Saturday, 1 October 2016

Black Is The Colour - Melbourne Fringe Festival review

New theatre company Deafferent Theatre is just a little bit deafferent, in that they create new and engaging pieces of work for hearing and deaf audiences. For their first production, presented as part of the Melbourne Fringe Festival, they have chosen Daniel Keene's Black Is The Colour, which is performed entirely in Auslan.

The story revolves around two friends and their experiences with domestic violence. Catherine (Anna Seymour) is a victim of physical abuse from her husband, while her best friend Irene (Hilary Fisher) struggles to makes her understand the situation she is in. This production results in a unique exploration regarding loss of voice: in the text, the two characters have lost their voices and in reality, so too have the people of the Deaf community. There are some powerfully directed scenes by Jessica Moody where the characters express their rage and frustration by letting out a scream only to have the room remain empty with silence.



The sound design by shannyn.art is a fascinating addition to the production, adding to the overall dread and coldness of the situation the women in the play find themselves in. The emptiness of the stage except for a black box further enhances the isolation and loneliness being experienced by Catherine and Irene.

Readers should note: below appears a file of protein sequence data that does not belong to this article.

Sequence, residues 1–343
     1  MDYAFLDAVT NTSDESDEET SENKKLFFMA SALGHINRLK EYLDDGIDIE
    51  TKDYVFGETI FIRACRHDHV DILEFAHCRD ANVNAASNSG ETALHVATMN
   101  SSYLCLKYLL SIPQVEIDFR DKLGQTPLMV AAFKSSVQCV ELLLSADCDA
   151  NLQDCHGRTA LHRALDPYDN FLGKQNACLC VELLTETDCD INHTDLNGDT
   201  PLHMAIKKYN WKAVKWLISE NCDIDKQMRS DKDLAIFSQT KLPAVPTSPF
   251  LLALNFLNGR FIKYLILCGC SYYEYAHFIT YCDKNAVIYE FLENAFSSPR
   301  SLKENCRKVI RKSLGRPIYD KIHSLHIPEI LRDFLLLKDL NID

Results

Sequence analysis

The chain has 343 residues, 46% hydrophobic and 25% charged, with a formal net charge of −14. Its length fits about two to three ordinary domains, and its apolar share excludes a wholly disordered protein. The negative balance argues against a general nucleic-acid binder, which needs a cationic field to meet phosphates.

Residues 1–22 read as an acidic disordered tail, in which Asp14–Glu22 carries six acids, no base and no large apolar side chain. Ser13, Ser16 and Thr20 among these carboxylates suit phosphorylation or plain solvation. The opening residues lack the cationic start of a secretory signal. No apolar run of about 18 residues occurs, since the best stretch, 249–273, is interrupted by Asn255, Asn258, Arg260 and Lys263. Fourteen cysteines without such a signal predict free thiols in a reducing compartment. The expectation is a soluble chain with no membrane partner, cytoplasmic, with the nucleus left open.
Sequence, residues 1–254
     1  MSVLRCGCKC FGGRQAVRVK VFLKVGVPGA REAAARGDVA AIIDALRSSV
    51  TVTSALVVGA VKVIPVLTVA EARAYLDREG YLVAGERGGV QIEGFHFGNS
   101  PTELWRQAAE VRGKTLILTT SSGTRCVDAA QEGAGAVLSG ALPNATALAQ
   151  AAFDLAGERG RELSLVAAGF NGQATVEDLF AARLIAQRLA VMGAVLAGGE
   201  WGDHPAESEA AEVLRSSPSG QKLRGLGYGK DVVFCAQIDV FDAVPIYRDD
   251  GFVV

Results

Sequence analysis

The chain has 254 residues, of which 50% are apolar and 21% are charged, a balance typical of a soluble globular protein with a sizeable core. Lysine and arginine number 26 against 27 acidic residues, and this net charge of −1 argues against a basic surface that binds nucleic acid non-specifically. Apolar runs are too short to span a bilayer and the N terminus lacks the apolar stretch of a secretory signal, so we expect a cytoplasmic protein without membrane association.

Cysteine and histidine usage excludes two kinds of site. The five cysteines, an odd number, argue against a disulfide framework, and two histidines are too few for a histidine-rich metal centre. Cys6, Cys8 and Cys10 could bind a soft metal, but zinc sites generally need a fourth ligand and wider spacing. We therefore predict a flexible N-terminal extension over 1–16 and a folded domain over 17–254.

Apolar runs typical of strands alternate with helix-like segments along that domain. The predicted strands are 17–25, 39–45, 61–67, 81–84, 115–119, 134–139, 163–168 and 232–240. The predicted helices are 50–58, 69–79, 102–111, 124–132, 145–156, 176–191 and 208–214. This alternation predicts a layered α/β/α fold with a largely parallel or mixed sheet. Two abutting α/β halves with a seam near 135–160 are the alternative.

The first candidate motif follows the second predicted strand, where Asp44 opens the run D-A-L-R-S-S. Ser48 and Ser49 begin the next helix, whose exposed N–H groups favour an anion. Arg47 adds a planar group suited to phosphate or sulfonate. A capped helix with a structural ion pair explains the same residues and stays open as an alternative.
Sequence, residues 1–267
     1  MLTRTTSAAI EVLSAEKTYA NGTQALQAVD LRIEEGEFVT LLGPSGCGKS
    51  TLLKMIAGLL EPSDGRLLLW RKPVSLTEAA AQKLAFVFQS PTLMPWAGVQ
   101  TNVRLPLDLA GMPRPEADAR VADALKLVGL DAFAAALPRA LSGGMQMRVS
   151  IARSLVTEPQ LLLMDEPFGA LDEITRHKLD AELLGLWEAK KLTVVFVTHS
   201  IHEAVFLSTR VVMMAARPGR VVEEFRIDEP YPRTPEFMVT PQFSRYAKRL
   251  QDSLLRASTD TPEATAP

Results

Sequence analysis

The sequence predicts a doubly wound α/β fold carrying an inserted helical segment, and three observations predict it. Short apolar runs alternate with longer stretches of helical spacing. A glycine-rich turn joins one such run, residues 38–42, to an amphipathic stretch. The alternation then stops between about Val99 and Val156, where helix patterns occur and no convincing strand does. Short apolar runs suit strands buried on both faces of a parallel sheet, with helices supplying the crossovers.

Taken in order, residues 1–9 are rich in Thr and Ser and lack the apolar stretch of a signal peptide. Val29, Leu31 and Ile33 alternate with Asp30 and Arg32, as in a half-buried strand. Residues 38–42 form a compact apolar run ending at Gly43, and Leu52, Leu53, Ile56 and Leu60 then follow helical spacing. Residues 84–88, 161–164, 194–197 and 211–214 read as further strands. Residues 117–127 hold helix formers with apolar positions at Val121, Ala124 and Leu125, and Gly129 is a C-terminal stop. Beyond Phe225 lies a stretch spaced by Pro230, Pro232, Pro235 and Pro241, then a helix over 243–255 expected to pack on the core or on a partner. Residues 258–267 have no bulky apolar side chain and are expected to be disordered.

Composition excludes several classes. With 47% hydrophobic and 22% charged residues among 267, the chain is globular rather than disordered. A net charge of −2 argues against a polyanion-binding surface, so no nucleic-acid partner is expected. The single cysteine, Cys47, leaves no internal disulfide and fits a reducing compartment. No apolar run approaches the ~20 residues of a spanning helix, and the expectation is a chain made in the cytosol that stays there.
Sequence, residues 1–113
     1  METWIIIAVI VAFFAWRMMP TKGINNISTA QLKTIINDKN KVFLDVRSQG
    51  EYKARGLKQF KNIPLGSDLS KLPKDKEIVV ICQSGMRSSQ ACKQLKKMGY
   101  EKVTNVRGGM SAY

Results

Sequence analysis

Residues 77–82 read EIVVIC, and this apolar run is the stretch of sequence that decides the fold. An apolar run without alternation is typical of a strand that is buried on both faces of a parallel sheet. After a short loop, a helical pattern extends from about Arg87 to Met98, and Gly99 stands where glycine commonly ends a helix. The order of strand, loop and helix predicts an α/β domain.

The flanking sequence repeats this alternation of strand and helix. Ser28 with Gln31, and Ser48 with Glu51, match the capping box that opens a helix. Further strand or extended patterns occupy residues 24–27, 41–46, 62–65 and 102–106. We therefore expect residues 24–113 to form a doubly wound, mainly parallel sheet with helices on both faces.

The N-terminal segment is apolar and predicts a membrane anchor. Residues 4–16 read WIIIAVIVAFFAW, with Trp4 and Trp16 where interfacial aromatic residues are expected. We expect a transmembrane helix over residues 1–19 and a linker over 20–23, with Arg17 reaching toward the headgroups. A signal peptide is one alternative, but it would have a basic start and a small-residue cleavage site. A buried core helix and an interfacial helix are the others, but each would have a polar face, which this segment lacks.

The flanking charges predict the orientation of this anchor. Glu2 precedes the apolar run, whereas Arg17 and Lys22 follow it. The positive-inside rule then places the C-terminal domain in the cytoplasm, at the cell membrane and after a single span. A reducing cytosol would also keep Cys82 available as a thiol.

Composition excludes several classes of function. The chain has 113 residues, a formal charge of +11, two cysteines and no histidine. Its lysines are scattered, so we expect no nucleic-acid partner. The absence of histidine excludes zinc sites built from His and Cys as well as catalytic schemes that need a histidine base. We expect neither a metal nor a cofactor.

As a person who is not hard of hearing or deaf and does not understand Auslan, I attempted to watch the performance but also follow the narrative by reading the surtitles that were being played above the stage. However, there were long passages that needed to be read that had me missing out on seeing how the actors were creating that moment. At one point, the two actors were signing simultaneously in separate scenes so in my effort to watch both of them and read both the passages, I found I couldn't connect with the story or the performance.

Black Is The Colour is a great opportunity for audiences to experience theatre in a way they may not be accustomed to. It’s a reminder that not everyone can attend traditional spoken theatre and that more works like this are needed for true accessibility, and it will be interesting to see what Deafferent Theatre come up with next.


Click here to read my interview with Production Manager and Creative Producer, Ilana Charnelle Gelbart.

Venue: Fringe Hub - Arts House, 521 Queensberry Street, North Melbourne, 3051
S
eason: until 1 October | 6:45pm
Length: 50 minutes

Tickets: $25 Full | $22 Conc/Group 6+ | $20 Cheap Tuesday
Bookings: Melbourne Fringe Festival

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